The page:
The City of Kirkland is updating the Active Transportation Plan (ATP) based on the 2009 Active Transportation Plan (PDF 8MB) as well as Kirkland’s 2015 Transportation Master Plan (PDF 19MB) in which the first three goals are:
- T-0 Safety: By 2035 eliminate all transportation related fatal and serious injury crashes in Kirkland
- T-1 Walking: Complete a safe network of sidewalks, trails and crosswalks where walking is comfortable and the first choice for many trips.
- T-2 Biking: Interconnect bicycle facilities that are safe, nearby, easy to use and popular with people of all ages and abilities.
Today, the benefits of increased health outcomes, environmental benefits and reduced auto trips are increasingly being recognized as additional reasons to encourage more trips being taken by active modes. However, not all bike and pedestrian connections can get people where they need to go, and people still express concerns about safety.
The update to this plan will incorporate new innovative solutions that are designed to accommodate people of all ages and abilities for residents and visitors to feel more comfortable when choosing to walk or bike. It will also focus on completing connections, improving bike parking and considering technologies that can both facilitate travel by walking and bicycling and also to help the city better evaluate how many people are walking and bicycling in Kirkland.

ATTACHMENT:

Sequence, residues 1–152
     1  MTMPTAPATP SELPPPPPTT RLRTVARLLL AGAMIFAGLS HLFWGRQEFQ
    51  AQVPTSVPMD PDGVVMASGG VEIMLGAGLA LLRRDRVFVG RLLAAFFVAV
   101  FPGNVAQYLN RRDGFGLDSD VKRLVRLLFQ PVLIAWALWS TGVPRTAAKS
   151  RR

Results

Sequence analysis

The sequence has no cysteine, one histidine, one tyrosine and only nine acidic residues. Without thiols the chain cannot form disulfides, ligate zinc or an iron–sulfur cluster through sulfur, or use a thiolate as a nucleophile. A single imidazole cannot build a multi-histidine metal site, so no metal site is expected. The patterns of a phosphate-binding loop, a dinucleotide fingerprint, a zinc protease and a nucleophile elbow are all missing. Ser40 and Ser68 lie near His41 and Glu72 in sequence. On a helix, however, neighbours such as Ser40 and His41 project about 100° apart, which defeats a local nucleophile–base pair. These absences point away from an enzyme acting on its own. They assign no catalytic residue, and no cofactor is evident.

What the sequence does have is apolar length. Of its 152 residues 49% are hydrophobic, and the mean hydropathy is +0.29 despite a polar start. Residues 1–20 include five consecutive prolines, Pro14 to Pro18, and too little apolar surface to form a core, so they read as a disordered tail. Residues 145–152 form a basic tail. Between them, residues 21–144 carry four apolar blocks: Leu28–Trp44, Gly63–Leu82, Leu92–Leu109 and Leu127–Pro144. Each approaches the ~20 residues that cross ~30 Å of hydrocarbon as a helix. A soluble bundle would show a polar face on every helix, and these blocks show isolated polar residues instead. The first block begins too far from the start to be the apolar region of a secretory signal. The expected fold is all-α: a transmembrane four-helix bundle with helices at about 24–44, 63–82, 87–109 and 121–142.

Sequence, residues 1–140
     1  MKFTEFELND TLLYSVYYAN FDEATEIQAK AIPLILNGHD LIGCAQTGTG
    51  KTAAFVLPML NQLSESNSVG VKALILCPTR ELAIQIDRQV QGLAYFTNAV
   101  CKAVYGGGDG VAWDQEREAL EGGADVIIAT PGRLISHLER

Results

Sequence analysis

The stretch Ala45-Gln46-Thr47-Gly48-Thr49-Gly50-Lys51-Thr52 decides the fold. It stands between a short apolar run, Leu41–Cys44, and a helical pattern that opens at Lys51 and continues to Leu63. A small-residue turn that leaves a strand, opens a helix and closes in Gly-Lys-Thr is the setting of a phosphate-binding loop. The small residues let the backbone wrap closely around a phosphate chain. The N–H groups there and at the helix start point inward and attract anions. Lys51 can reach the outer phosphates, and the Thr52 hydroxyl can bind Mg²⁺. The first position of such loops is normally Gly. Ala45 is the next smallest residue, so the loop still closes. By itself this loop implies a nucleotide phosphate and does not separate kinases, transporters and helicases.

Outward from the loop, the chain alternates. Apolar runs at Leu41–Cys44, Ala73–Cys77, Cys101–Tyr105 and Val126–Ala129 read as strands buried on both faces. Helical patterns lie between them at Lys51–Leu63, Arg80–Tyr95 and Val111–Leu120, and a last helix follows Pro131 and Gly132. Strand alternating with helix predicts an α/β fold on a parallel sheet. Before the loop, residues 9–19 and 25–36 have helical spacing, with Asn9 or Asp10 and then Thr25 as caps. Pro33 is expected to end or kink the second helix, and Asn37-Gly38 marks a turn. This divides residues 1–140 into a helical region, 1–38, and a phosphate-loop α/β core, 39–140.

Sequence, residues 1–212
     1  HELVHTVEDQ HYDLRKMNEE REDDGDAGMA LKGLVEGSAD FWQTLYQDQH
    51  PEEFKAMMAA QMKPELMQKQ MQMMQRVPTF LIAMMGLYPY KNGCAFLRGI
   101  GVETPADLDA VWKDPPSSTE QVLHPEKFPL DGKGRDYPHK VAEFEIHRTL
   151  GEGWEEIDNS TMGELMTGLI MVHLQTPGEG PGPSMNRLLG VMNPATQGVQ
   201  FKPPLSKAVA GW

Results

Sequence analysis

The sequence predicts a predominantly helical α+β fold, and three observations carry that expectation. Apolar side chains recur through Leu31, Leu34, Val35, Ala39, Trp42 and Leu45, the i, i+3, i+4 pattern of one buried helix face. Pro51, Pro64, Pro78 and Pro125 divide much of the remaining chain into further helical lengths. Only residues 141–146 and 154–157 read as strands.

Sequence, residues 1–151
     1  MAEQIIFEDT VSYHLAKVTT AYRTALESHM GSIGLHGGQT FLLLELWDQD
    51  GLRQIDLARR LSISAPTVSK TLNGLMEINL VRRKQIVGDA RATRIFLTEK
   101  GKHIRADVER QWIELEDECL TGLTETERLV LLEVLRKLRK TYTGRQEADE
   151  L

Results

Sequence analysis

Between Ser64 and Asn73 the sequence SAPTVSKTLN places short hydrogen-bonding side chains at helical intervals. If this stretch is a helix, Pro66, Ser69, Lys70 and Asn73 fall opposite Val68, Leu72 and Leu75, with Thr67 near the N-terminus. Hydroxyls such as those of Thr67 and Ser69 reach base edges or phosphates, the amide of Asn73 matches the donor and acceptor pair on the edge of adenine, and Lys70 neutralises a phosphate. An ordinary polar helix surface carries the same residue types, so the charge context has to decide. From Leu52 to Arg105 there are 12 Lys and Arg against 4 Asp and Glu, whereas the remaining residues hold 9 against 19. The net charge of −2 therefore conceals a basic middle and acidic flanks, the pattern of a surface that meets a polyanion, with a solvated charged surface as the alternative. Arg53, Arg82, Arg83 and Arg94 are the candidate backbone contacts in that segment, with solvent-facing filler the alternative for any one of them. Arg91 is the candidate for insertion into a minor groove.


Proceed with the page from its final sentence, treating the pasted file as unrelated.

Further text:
The plan will:
- Provide data about the benefits of active transportation.
- Demonstrate the progress from the 2009 Active Transportation Plan.
- Evaluate the existing planned bicycle network for any updates and evaluate pedestrian improvements needed to connect people to transit, to the Cross Kirkland Corridor, to activity and job centers, neighborhoods, etc.
- Outline an implementation plan for how the City can complete the recommendations outlined in the plan.
When the City of Kirkland’s first Non-Motorized Plan was adopted in 1995, such plans were relatively rare. Walking and bicycling evolved from being considered a novelty to a necessity and a valid mode of transportation. The term change from ‘non-motorized’ to ‘active transportation’ seeks not only to be more inclusive of people who use motorized wheelchairs and other motorized mobility devices but also to recognize walking and bicycling for what they are rather than what they are not.
The 2009 Active Transportation Plan focused on increasing participation, that is to say, more people walking and bicycling more places more often recognizing the positive nature and focused on the guiding principles of safety, convenience and meeting the needs of the community.
The City has made great strides to increase safety and connectivity by filling in gaps in bicycle and pedestrian infrastructure, making crossings safer, developing the interim Cross Kirkland Corridor, adopting a Complete Streets Policy and working with schools on walking routes and encouraging kids to walk and bike.
- Community Engagement: Fall 2019 – Winter 2020
- Analysis and Plan Development: Winter – Spring 2020
- Draft Plan – Engagement with Community and Leadership: Spring – Summer 2020
- Final Plan and Council Adoption: Summer 2020